SACRAMENTO, Calif. — Changes to California’s prison realignment funding formula based on poverty rates and the effects of state prisons on the counties in which they are located will result in correctional funding boosts for several counties. These funds will provide more support for jails and probation programs, and could be used to increase beds or expand efforts to end recidivism.
These alignment funds will particularly impact counties in the San Joaquin Valley. Merced County will likely see the biggest funding increase, as the county’s realignment funding will jump 24 percent from just $6.3 million for the 2014-2015 fiscal year, to $7.8 million for FY 2015-2016, according to The Fresno Bee. Similar increases were also allocated to Fresno, Madera, Kings and Tulare counties. Those counties will receive an additional 12 percent to 17 percent in funding above their previous awards in the coming year.
Speaking with The Fresno Bee, Fresno County Administrative Officer John Navarrette said the county deliberated on the new funding formula for about two years. “We perceive that we will do far better than under prior allocations,” Navarrette said.
The state’s prison realignment plan has been in effect since 2011, and diverts lower level felons who have committed non-violent crimes to county facilities rather than the state’s already crowded prisons. Funding for the program has evolved since its inception.
The state distributed both FY 2012-2013 and FY 2013-2014 realignment funds based on several different formulas, depending on which was most applicable. These formulas included: doubling the counties’ 2011-2012 allocation; updating the 2011-2012 formula with updated population and SB 678 performance data; developing a caseload-driven formula based on the number of offenders the county would be responsible for upon full implementation of realignment as estimated by DOF in 2011; or a formula based on the county’s population of adults ages 18-64.
California’s Legislative Analysts Office (LOA), however, noted several shortcomings in these methods. The LOA published a report in May that said the current realignment allocation formulas offered unclear policy rationale, were unpredictable, and lacked both transparency and incentives to “achieve outcomes that are consistent with legislative priorities.” Additionally, the LOA said the inflexible system would “not likely be sensitive to future changes affecting counties, such as increases in crime” if used in future years.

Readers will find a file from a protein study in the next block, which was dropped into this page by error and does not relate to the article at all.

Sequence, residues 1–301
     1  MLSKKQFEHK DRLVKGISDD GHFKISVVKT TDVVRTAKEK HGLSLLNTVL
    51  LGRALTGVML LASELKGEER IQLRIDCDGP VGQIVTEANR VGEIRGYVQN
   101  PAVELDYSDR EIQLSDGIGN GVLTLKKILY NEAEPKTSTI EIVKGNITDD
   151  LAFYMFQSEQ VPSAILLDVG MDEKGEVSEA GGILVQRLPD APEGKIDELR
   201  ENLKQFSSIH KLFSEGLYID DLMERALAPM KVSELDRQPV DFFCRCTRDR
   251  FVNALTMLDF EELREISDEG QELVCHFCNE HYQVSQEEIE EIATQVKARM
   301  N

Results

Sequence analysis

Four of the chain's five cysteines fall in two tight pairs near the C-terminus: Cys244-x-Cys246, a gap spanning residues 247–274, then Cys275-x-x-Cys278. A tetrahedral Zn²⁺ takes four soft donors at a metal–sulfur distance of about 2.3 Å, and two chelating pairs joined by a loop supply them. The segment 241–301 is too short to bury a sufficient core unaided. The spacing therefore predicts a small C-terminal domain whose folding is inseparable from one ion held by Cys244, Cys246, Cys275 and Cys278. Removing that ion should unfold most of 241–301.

The LOA report urged the state to increase legislative oversight of realignment funding and evaluate a new allocation formula based on county need, predictability, transparency, flexibility and incentives. It urged the state to include factors such as both incarcerated and post-release caseloads, local resources and a metric that would reward county success. The analysts also proposed establishing minimum funding levels for smaller counties to avoid significant fluctuations, and periodically weighing other factors based on relative importance. These recommendations are reflected in the new allocation formula.
Meanwhile researchers Mia Bird and Joseph Hayes of the Public Policy Institute of California published a November 2013 report that proposed rebalancing the weighting of both the projected realignment population and the county’s adult population. The model also allowed adjustment for factors such as poverty rates and rural population, and offered recidivism reduction incentive bonuses.